There was no Porzingis, no Butler, and no draft-night fireworks for the Boston Celtics. For the second straight year, the Cs used their lottery pick earned in the Garnett, Pierce and Terry trade to monotonously select a small forward coming out of college, despite a plethora of intriguing rumors centered around their high draft position. The pre-draft speculation got far more interesting on Thursday with the New York Knicks’ former President Phil Jackson announcing that the team would be entertaining trade offers on big man and budding superstar Kristaps Porzingis. Given the Celtics’ recent move of trading down to the number three draft spot, many believed that if Porzingis were to move, Boston would be a potential suitable location. On draft night, another rumor popped up involving the Celtics. Prior to his move to the Timberwolves, the Bulls reportedly offered to trade Jimmy Butler to the Celtics for the number three pick in this year’s draft, but Boston declined. While another year of drafting and developing may be the boring route to take, it is the right move for a team that should not be in win-now mode.
Despite their success this past season, the Celtics are currently building for the future. The 2014 trade with the Brooklyn Nets has allowed the Celtics to be a competitive team while they are rebuilding their young talent, which will eventually give them a chance to win a title. Notice how I called them a competitive team, not a contending team. In the modern NBA, there are two and a half teams in true contention for the title; Golden State, Cleveland and San Antonio. While the Spurs lag behind the top two, it is difficult for me to rule them out entirely. The playoffs say everything you need to know about the state on the NBA. This year, there was only one series upset in the entire tournament, with the fifth seeded Utah Jazz defeating the fourth seeded L.A. Clippers in seven games (I don’t count the Eastern Conference Finals). The last three years have featured the exact same Finals match-up. The NBA has become the worst thing a league can be: predictable. Almost a year before next year’s Finals, I predict that the Golden State Warriors will defeat the Cleveland Cavaliers to claim their second straight title, their third in four years.
The Celtics should take the state of the league into account when building their team this offseason. While their current success is exciting, the team cannot risk its chance to win a title four or five years from now in order to reach the Eastern Conference Finals now. This is not an argument for tanking, it is an argument for not being stupid. As a Celtics fan, I was praying for Porzingis to make a move to Boston, mostly because he is 22 years old. If another young, proven player is on the move, the team should use their assets to make the deal happen. However, I am not willing to give up the number three pick in a deep draft for two years of Jimmy Butler (before his contract expires and likely joins a super-team of his own). I would rather see Jayson Tatum in a Celtics uniform than Jimmy Butler, because Tatum has chance to play a role in a championship. The goal of the organization should be titles, not marginal competition. While that competition is great in the short-term, this team has amassed too many assets and has had too much of a winning history to be thinking about Eastern Conference Finals appearances over banners.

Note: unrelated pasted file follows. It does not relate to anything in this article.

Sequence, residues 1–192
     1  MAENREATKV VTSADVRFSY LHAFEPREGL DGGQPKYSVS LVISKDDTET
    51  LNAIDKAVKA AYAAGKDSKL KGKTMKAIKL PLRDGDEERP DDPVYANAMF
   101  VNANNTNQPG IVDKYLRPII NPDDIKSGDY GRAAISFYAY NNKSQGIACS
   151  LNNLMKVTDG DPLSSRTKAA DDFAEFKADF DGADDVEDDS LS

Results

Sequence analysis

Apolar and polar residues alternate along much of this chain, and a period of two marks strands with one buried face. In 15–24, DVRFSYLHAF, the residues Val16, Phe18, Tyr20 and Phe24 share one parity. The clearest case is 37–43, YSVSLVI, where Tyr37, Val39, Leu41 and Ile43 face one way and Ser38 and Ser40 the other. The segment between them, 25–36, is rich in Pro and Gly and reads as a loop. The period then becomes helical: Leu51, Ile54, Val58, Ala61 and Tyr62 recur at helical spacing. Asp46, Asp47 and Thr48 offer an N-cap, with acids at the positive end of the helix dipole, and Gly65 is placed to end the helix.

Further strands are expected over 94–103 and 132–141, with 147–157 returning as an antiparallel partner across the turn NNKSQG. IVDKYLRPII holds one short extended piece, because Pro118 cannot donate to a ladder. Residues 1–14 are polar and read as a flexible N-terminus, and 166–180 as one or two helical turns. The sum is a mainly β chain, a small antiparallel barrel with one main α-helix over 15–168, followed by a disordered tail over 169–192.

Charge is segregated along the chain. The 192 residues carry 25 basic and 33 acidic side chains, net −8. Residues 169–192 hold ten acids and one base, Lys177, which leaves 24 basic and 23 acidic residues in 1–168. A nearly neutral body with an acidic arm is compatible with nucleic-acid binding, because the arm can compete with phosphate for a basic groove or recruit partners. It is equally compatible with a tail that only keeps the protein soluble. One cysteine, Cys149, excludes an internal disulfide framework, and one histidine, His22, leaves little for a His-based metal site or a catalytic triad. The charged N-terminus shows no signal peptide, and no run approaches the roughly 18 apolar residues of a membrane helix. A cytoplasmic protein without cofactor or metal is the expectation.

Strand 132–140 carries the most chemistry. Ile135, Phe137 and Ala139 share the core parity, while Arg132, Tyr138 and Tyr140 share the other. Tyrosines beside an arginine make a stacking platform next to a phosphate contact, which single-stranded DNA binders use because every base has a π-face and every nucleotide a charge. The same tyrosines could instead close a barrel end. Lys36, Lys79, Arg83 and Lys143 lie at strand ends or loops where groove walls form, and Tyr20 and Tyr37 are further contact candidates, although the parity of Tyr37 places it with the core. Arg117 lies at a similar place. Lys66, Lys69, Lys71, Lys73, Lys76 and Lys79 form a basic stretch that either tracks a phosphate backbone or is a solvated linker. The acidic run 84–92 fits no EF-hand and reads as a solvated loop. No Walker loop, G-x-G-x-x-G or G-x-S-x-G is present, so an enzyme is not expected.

With Paul George off the table as of Friday night, the Celtics must turn towards free agency. While this is an option which will allow Boston to win in the short-term without giving up assets which may win them a championship in the future, drawing free agents to Boston has always been a challenge. In his 14-year tenure as the Celtics’ General Manager, Danny Ainge has hardly been known for his free agent signings. Before last years’ signing of Al Horford, Ainge’s notable free agents have included Rasheed Wallace and an extremely washed up Shaq. Given recent history, Celtics fans should be reluctant to fall into the whirlwind of free agent rumors. That being said, it is hard not to fall into the trap. Boston is currently one of three teams that will have a meeting with Gordon Hayward this off-season. Compared to the Jazz and the Heat, the Celtics are the best fit for Hayward from a basketball standpoint. Adding him would likely solidify the Celtics as the second best team in the East, and moving out of the West would keep Hayward away from the Golden State Goliath that swept his Jazz in the Conference Semifinals. Furthermore, the small forward is proven to work well in Brad Stevens’ system from his days playing under him at Butler.
If the Cs’ free agent woes continue and they are unable to sign Hayward, there are a few mid-level players that Boston should consider. Both Rudy Gay and Danilo Gallinari have been linked to the Celtics. I would be hesitant to sign either player to a long-term contract which would prevent the team from making moves in the future; I believe they would both be effective signings to help the team in the short-run and players would give the team a scoring boost as well as provide a height advantage over current small forward Jae Crowder (especially the 6’10” Gallinari). Despite these potential improvements and the fact that there are moves to make this offseason for the Celtics, who should look to upgrade at the small forward position, these moves could bind them financially from taking that next step of being able to vie for a spot in the Finals. They should remain the favorite for landing Gordon Hayward this July, and at the very least make a smaller acquisition if their bigger plans fall through. However, if this is another offseason of disappointment, the franchise should refrain from over-extending itself for a mediocre free agent. As far as this Celtics team is concerned, doing nothing is better than doing something which will prevent them from signing a marque free agent in five years.